Last year I had the pleasure of interviewing Amy Palmiero-Winters, a single mother of two who had lost her leg below the knee after a motorcycle accident years earlier, for an article in the June 2010 issue of Trail Runner magazine.
Amy had been an accomplished marathon runner prior to losing her leg, but once she was fitted with a carbon-fiber prosthesis from A Step Ahead, her athletic career took off and she started racking up records and titles in everything from triathlons to trail ultramarathons. When I spoke to her, she was preparing for the 2010 Western States 100-Mile Endurance Run in Auburn, California, one of the country’s most very difficult and certainly the most competitive.
When I asked if people suggested that her prosthesis might actually give her a biomechanical advantage, she scoffed. “I don’t see them running on their kneecap,” she told me. Her patellar tendon, which connects the patella to the tibia, is her left leg’s only (and insufficient) impact-absorbing mechanism apart from the carbon-fiber’s slight give.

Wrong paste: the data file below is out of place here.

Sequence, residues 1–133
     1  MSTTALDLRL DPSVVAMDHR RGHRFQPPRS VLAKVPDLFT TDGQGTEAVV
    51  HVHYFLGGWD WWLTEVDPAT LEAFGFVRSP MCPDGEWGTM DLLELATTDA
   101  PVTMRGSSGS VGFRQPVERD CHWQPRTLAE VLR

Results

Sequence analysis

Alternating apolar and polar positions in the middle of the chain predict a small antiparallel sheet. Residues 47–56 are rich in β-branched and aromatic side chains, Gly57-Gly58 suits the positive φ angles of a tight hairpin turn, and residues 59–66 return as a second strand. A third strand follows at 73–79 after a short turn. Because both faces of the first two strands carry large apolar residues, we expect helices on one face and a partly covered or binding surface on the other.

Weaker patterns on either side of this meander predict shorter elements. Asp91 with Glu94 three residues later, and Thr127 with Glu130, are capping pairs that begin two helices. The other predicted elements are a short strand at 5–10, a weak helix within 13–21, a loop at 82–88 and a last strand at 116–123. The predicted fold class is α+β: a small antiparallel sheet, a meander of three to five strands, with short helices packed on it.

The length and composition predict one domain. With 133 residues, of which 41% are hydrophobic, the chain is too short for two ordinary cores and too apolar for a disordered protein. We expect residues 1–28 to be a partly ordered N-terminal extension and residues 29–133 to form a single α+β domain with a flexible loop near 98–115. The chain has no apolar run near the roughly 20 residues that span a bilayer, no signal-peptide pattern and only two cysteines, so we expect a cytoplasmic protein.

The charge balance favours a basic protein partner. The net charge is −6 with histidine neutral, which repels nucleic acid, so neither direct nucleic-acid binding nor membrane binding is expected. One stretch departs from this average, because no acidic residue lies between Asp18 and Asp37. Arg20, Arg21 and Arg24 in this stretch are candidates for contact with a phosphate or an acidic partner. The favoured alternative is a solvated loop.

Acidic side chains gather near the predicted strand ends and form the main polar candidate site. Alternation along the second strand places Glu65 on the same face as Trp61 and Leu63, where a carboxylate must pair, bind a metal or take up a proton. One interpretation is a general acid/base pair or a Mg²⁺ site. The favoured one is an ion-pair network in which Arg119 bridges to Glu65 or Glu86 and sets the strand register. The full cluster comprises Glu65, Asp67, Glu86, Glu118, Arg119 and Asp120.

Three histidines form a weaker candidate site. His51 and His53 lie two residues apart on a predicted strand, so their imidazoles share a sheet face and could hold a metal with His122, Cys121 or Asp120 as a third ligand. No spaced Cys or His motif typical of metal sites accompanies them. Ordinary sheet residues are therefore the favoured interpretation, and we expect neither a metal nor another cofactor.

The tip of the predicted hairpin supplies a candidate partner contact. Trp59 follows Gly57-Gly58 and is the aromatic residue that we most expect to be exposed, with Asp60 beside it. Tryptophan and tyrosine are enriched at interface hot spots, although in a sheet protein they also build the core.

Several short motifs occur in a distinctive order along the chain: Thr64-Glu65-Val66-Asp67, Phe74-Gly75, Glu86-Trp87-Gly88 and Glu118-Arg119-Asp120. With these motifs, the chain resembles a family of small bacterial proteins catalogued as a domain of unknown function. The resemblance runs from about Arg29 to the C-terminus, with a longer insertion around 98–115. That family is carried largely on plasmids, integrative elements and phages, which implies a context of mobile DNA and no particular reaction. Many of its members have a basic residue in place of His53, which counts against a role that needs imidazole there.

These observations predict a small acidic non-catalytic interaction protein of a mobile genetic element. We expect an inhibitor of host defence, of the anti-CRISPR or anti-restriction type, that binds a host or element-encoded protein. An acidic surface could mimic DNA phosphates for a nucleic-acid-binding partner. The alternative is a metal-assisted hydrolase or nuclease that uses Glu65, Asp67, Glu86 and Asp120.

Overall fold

And over the years, the stress of running (amplified by the prosthesis, which essentially acts like a tuning fork sending forces throughout the body) has caused nagging lower-back pain. “I come down harder on my right side, so I started trail running to get away from all that pounding,” she says.
Amy finished Western States in 27 hours 43 minutes, becoming the first amputee to finish the historic event. “It was harder than childbirth,” she told the Sacramento Bee in this article recapping the race.
Last fall, Amy was awarded the Women’s Sports Foundation’s Wilma Rudolph Courage Award.
“Courage is what we show when were faced with challenges,” Amy wrote in her blog. “Wilma Rudolf embodied the word courage, and for me to be the recipient of this year’s award is a lifetime honor not only for myself, but for my children and the people who support me. As a young child, sports was the foundation of who I am today and I hope because of this and what I have experienced we can make a difference and help others to be more courageous in their every day lives.”
Follow her racing career and inspiring performance on See Amy Run.org.